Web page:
More than 200,000 patients’ records were exposed on MedEvolve’s public FTP server – researcher
Common sense dictates that patients’ protected health information should not be made freely available on FTP servers that have no login required. And yet it still happens, and has happened again.
Recently, this site learned of another FTP server exposing patients’ information. This particular FTP server belongs to MedEvolve, an Arkansas company that provides practice management software. As we have seen in so many other leaks, this FTP server was set to permit anonymous login and had no banner telling people to keep out of the files with patients’ information.
The researcher who reported the leak to DataBreaches.net observed that a number of clients had files on the FTP server, and in all cases but two, the files were password-protected.
One of the two clients where no password or protection was deployed was Premier Urgent Care in Exton, Pennsylvania (there are a number of medical entities called Premier Urgent).
The sql database that was not secured contained more than 205,000 patient rows, the researcher reported.
More than 11,000 of the records reportedly included Social Security numbers.
A second MedEvolve client with exposed patient information on that FTP server was Dr. Beverly Held, a dermatologist in Corpus Christi, Texas.
Dr. Held’s files consisted of three .dat files. According to the screenshot the researcher provided this site, the files had last been modified on November 10, 2015. The researcher estimated that there were about 12,000 Social Security numbers exposed in the files.
On May 3, DataBreaches.net notified the two medical practices and MedEvolve. At the request of Dr. Held’s staff, I also spoke with their outsource IT support firm.
That same day, the files were removed from public access.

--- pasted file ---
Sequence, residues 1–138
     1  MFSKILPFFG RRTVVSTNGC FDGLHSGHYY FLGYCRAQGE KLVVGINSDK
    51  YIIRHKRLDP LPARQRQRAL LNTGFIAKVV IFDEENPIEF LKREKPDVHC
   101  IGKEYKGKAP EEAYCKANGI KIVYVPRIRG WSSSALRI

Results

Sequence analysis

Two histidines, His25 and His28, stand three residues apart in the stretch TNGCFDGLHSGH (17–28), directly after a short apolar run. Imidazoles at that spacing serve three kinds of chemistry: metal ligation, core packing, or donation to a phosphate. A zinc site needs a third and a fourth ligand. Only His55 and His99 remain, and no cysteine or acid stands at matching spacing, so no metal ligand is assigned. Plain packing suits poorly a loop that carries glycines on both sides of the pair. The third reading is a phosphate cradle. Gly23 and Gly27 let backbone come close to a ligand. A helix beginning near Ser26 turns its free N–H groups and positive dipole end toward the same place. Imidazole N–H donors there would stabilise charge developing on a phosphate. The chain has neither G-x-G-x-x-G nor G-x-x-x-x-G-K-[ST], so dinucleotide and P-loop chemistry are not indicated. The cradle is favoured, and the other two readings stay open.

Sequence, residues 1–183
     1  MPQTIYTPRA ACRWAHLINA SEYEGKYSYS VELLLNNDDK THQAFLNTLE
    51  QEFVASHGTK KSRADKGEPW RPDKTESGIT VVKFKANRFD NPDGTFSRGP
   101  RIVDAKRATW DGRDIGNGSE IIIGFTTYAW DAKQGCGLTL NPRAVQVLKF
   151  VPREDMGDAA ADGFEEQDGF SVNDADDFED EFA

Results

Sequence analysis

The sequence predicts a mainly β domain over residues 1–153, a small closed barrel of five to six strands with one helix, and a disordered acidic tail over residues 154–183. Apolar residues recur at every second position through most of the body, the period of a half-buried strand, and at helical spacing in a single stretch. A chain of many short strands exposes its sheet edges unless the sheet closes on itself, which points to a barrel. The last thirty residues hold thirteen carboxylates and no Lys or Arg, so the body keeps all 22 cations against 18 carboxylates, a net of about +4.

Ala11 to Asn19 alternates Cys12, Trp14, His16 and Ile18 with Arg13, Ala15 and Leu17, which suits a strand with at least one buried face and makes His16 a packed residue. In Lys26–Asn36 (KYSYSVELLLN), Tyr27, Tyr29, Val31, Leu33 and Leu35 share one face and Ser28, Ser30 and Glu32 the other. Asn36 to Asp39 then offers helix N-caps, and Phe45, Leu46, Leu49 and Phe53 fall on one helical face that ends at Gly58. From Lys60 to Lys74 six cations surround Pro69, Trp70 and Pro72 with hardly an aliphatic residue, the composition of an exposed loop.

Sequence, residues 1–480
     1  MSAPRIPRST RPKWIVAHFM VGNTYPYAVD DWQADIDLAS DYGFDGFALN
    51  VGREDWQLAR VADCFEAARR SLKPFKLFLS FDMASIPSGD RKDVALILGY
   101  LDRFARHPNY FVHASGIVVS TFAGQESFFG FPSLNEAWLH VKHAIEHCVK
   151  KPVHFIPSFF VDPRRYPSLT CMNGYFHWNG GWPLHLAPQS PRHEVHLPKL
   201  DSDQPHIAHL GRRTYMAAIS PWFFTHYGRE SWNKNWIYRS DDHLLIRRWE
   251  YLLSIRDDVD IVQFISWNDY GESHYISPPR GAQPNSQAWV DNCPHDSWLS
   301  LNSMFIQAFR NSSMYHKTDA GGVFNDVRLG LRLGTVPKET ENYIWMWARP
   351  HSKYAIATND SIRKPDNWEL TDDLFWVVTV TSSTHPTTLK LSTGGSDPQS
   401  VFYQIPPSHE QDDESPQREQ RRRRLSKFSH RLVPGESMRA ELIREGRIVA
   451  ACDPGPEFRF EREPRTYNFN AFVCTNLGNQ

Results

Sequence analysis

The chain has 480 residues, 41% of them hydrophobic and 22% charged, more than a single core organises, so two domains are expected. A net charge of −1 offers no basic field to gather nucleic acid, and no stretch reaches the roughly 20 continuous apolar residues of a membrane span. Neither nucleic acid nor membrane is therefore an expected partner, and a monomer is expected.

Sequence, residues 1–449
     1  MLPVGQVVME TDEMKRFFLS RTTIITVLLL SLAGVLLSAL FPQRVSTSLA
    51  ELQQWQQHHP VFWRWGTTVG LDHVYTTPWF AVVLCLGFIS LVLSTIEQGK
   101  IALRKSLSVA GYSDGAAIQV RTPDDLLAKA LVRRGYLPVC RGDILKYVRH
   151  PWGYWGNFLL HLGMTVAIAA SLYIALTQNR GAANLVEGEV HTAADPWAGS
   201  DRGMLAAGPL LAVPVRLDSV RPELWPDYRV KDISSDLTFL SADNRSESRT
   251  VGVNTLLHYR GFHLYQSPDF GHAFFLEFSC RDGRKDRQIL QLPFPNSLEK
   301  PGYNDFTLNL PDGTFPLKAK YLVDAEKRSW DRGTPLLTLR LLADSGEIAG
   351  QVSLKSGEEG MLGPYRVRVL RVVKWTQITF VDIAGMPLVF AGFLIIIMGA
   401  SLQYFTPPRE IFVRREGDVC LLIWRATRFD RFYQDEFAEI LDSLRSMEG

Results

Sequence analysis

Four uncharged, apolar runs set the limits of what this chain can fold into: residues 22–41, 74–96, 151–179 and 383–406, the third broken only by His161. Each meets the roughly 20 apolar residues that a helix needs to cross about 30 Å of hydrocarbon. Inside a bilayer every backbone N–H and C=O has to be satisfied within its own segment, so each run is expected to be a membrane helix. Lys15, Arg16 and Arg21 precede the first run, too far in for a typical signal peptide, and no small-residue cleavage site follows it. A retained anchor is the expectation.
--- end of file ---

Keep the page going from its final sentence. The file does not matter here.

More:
And that was the last I heard until I started reaching out to them all again to ask what they had found and what they intended to do. Dr. Held’s IT firm responded promptly to my inquiries and indicated that they were not responsible for the leak because this incident, if it occurred, predated their involvement with Dr. Held’s practice. For every other question I posed, their answer was that MedEvolve was investigating.
Here are the questions I had/have for both entities and MedEvolve:
- For how long were the Premier Urgent Care files exposed without any password required to access them?
- For how long were Dr. Beverly Held’s patient files exposed without any password required to access them?
- Were there access logs that showed how many times the patient data files may have been accessed and/or downloaded?
- Whose responsibility was it to secure those files? MedEvolve? The clients’?
- Will any patients be notified of this?
- Will HHS be notified of this?
- Did Premier Urgent Care and Dr. Beverly Held have business associate agreements in place with MedEvolve?
- Did Premier Urgent Care and Dr. Beverly Held have risk assessments that included the files on this FTP server?
- Why has not one person contacted me to ask what data/PHI I might be in possession of, or what data the researcher might be in possession of and would we destroy any data securely and provide an attestation to that data destruction?
DataBreaches.net did hear back from Matthew Rolfes, President & CEO of MedEvolve. Rolfes thanked this site for alerting them, and wrote:
Our IT team, along with our healthcare lawyers, are aggressively investigating the situation. We have, and will, take any necessary steps in order to mitigate any adverse effects to the extent within our control.
We are also aware of HIPAA requirements applicable to Covered Entities and Business Associates in the event of a breach. Our company will comply accordingly.
I know you will understand that we cannot, on the advice of counsel disclose to you all aspects of the investigation.
There’s a big difference between not disclosing all and not disclosing anything. A little more transparency would be in order, I think.
So in any event, I am disclosing this incident on this site and we’ll see if/when it shows up on HHS’s public breach tool, either by MedEvolve or by one or both of the medical practices.